Sillcock with odd connection

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  #1  
Old 12-17-13, 08:52 AM
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Sillcock with odd connection

Good morning everyone,

I've got a sillcock that is leaking like crazy. This started as a really slow drip and is now a steady stream. Trouble is that this house still has polybutylene piping which I have not got around to replacing and I've never worked with polybutylene before.

I have no clue how these connections work and this one looks odd anyway. Can anyone tell me what is going on here connection-wise and how I can replace this without buying any special poly-b tools? I cannot find a shut-off for this spigot so I need to replace it ASAP. My initial plan had been to just cut the copper just behind the spigot and solder a new spigot on but I am afraid that the heat will melt the plastic piping.

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  #2  
Old 12-17-13, 09:40 AM
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That certainly is an interesting connection there.

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  #3  
Old 12-17-13, 10:29 AM
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I'm no plumbing Pro...but that is very odd. Almost looks like copper swaged over some sort of threaded nipple? Then the PB clamped to some sort of internal threaded fitting?

I don't think Sharkbite type fittings work with PB do they?

I'd cut it and wrap a wet rag around the copper near the PB, then do what you have to do. No way the heat is going to hurt the connection with a cold wet rag wrapped around it.

The problem may be that that is some sort of freeze proof spigot and the actual washer and seat are in the knurled section. Is the copper even a standard size?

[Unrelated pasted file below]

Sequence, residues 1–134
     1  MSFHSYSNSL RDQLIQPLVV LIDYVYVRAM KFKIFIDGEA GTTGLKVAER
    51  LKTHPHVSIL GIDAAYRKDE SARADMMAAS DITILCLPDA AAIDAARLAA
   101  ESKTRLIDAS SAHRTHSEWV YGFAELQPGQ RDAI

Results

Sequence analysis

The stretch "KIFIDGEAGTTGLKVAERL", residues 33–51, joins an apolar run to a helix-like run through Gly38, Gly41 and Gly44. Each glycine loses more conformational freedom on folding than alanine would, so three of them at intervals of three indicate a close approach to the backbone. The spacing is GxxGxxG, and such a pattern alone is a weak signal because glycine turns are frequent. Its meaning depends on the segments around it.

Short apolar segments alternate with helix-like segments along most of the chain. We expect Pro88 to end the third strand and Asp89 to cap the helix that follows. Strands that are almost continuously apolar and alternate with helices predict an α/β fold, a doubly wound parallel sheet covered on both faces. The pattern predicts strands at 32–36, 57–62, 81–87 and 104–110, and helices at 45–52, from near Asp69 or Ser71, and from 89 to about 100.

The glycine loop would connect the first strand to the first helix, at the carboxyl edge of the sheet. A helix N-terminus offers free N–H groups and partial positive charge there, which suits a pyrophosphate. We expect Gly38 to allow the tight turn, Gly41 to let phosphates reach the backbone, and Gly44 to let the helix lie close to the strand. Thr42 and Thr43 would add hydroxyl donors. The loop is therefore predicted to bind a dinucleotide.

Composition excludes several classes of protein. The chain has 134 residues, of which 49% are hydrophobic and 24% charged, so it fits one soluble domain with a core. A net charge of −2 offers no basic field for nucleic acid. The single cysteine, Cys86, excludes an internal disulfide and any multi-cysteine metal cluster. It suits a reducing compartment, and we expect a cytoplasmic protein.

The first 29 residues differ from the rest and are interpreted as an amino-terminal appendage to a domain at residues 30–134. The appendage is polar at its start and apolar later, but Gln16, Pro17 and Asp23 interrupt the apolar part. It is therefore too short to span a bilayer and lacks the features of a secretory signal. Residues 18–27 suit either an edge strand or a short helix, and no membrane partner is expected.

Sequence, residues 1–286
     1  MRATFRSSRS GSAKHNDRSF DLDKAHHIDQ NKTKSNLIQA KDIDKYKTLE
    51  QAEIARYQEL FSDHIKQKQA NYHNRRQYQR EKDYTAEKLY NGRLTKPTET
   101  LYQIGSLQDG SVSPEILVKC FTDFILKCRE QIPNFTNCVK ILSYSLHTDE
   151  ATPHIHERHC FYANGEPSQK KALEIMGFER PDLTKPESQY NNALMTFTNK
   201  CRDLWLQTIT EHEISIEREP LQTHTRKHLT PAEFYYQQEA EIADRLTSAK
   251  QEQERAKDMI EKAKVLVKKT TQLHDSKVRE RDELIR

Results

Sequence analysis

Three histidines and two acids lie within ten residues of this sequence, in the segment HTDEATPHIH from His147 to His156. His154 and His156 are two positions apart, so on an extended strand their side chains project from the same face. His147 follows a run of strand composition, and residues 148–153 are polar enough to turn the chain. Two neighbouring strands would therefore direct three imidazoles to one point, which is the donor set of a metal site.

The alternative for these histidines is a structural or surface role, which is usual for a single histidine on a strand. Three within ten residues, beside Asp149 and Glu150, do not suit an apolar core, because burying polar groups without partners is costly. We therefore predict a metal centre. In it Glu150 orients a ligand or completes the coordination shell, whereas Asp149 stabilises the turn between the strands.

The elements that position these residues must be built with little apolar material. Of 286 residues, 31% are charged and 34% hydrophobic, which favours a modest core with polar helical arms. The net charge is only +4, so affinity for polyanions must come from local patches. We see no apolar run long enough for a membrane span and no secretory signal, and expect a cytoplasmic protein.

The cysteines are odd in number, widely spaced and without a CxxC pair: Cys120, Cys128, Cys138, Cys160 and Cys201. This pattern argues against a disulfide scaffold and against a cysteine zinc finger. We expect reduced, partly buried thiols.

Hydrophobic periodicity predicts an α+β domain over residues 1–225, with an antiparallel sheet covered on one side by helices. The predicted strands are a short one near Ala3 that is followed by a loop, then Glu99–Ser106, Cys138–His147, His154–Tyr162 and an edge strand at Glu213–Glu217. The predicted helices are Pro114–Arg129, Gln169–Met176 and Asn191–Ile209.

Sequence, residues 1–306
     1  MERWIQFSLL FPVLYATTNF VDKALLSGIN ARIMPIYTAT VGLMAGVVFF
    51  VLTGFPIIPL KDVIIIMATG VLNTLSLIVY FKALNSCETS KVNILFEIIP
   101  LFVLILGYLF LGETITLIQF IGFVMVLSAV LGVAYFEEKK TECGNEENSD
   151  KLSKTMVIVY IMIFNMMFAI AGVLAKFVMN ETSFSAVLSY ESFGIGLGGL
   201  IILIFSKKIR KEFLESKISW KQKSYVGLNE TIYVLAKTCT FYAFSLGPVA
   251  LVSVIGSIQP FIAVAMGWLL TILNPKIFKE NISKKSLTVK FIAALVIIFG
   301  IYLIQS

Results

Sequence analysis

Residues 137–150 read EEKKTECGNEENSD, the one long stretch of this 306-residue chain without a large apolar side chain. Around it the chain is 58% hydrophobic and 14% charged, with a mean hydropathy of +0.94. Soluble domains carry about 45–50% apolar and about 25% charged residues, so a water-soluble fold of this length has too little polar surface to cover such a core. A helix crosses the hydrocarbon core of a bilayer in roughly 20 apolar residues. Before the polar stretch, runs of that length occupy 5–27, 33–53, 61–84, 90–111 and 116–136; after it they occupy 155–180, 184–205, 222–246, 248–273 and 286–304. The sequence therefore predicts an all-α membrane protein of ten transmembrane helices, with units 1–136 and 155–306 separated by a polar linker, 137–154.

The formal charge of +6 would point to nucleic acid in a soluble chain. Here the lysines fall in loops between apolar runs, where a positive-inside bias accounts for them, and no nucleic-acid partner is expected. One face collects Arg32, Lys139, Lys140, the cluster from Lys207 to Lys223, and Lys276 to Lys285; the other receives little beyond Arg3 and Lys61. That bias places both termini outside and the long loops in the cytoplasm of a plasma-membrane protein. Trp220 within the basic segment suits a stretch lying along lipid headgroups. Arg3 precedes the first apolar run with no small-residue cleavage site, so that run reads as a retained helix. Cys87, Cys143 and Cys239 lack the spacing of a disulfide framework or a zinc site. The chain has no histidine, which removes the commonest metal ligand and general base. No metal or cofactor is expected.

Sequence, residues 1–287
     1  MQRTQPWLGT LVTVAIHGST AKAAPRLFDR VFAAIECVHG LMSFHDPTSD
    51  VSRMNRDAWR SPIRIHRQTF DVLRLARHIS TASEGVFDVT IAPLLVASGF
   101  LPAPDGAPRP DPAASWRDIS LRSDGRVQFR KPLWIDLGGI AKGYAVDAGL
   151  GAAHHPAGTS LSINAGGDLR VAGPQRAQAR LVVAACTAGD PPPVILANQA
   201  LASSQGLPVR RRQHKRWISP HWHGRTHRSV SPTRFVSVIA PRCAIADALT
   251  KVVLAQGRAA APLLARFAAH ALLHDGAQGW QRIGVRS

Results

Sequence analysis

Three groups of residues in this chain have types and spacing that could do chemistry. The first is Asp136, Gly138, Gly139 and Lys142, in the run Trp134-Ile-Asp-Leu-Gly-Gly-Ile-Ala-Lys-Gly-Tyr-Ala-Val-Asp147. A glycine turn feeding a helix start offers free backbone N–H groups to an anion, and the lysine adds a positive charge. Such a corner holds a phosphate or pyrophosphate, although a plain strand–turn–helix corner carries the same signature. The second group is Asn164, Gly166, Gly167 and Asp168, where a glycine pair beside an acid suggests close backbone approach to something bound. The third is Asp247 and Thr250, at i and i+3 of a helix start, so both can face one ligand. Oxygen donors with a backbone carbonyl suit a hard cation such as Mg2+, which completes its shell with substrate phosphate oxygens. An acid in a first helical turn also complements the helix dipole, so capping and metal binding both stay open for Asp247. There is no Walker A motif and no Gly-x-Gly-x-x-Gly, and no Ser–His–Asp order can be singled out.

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Old 12-17-13, 10:44 AM
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Vic.... it is a frost proof valve and the sealing part is on that knurled section.

It almost looks like the soldered an adapter into the end of the faucet and then crimped on the flex. In my opinion... that would mean that the flex would have to be cut off.
 
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Old 12-17-13, 10:52 AM
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Never seen one like that. Most are chromed steel(?) now?

Makes sense that someone could have used some sort of insert in the end. Maybe it was even a common thing when PB was used?
 
  #6  
Old 12-17-13, 10:55 AM
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You need to shut the water off to install a valve anyway, so have you tried just removing the stem from the sillcock and replacing the seal? They're typically just a rubber grommet, sometimes cone shaped, with a screw in the center, and available at your nearest hardware or big box. On second glance, it looks like you have a vacuum break, which could also be the culprit, and the parts to repair those are available as well.
 
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